• But Harry you forget the whole rationale for Regulators is to keep doing stuff/changing stuff in order to demonstrate they are “always on top of things” but more importantly to keep themselves in jobs. They couldn’t give a stuff about whether or not it is better for the client. We know this to be true or else there wouldn’t be the need to have so much mandated documentation when advising clients what to do.
      They are all part of an intellectually defunct, bureaucratic gravy train – every single one of them

  2. Something I have been doing with clients for years is providing illustrations with the expected growth rates and then providing the actual performance over the years as a direct comparison. The client is then aware that the illustration generally has never met the growth rate in any year (it has been both higher or lower, but almost never exactly to the example rate). Due to this they pretty much understand at outset that this is almost pointless as a way of illustrating expected returns.

  3. As for Richard Hobbs saying this is an opportunity to have a more detailed discussion with clients. Only a “Regulatory Consultant” could come up with this statement. Regulatory consultants are almost as much to blame for the crap we have now as the regulator. In fact I seem to remember the FCA (or Possibly the FSA) saying that there is too much stuff in reports because of Regulatory Consultants (and Compliance people) have gone over the top for what they want in, however that is another story. I don’t think I am alone when I say my clients DONT WANT any more detailed discussions than I have been providing for more than a quarter of a century. All they want to know is “Marty, am I likely to beat the deposit rate of interest over the next 7 to 10 years?” The answer to which is yes your are likely to do that (no guarantee though) as long as you understand the importance of holding your nerve and not want to cash it in when the investment goes south some years. We don’t need more detailed conversations, we don’t need more detail to be documented as being discussed in the SR (even if it is only one line to confirm the bumf was given). Its the extra line here, the additional paragraph there to cover off “discussions had” that have landed us with what we now have. Most of that is down to Regulatory or Compliance Consultant’s “ideas” of what should be in there.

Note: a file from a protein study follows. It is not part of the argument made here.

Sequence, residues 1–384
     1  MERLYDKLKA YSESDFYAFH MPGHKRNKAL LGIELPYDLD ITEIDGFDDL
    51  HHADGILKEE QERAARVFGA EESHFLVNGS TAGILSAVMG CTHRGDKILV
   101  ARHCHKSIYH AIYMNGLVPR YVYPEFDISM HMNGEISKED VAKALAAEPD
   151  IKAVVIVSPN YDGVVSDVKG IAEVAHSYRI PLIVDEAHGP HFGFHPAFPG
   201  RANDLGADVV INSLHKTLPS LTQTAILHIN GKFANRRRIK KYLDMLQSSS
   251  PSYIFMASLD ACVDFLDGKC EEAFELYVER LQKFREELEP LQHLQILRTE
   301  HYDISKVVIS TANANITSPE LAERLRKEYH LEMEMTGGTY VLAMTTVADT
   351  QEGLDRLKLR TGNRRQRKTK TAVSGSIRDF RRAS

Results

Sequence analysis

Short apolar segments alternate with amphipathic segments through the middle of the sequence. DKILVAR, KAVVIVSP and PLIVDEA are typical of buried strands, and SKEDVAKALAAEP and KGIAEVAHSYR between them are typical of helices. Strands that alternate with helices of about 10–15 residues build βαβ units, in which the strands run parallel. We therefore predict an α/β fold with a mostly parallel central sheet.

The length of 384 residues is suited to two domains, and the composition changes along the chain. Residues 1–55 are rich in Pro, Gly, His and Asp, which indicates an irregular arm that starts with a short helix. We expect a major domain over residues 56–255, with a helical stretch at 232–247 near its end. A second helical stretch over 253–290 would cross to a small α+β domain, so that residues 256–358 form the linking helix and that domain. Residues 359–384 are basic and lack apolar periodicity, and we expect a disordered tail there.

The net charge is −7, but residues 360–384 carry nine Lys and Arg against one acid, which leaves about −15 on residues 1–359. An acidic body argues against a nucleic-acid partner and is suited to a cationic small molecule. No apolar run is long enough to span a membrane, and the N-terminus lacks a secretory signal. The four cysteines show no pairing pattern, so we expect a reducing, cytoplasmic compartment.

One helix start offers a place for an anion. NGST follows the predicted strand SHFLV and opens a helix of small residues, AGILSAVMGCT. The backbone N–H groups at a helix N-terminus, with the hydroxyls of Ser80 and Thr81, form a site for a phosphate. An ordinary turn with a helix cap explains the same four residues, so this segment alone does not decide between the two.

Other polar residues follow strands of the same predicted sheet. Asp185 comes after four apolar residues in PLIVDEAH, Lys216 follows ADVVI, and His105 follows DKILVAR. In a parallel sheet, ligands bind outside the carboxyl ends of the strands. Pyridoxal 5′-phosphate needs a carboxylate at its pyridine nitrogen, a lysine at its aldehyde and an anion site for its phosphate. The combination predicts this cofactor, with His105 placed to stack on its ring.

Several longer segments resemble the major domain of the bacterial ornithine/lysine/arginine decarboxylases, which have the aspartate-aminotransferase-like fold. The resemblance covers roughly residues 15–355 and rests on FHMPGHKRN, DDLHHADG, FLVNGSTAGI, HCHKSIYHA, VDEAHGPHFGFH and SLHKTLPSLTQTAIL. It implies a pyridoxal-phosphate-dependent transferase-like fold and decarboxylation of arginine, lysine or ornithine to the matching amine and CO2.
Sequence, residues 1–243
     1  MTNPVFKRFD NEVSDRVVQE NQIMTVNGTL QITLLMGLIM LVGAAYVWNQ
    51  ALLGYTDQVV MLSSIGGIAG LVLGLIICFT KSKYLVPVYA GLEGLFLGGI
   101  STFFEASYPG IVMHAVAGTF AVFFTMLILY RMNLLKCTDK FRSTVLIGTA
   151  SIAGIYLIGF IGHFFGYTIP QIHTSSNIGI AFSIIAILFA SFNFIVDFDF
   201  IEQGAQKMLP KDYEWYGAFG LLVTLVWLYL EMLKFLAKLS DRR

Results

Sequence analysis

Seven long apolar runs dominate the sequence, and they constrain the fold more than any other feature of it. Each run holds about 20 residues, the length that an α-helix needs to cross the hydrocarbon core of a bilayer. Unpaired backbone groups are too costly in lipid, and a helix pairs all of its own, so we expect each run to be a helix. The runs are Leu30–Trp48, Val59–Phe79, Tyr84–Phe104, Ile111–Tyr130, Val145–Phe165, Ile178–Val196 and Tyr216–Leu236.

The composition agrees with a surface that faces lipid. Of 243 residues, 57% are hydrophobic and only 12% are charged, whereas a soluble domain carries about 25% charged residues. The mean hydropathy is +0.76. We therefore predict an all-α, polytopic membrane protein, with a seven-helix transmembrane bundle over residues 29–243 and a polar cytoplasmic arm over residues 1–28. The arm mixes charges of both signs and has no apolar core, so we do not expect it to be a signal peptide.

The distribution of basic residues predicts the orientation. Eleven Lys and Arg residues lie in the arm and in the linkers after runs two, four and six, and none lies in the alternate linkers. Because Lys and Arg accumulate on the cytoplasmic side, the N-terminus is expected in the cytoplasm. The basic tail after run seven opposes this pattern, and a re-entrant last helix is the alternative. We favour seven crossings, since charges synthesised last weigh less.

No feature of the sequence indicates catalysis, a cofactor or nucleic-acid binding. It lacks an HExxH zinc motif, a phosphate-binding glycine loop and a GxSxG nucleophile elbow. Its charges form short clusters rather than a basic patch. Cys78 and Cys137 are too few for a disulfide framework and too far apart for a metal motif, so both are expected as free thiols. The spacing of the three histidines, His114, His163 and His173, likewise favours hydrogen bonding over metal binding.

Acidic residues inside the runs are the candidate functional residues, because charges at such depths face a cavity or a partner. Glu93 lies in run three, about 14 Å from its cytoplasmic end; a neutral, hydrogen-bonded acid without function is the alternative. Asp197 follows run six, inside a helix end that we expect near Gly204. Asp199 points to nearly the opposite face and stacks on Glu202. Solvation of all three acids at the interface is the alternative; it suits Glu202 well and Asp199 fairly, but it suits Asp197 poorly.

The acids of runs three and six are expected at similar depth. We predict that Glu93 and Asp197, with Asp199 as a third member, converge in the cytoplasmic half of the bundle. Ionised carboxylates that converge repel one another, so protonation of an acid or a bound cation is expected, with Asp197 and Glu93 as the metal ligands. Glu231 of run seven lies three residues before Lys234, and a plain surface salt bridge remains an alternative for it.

Rant over I am off to have a deep and meaningful conversation with a client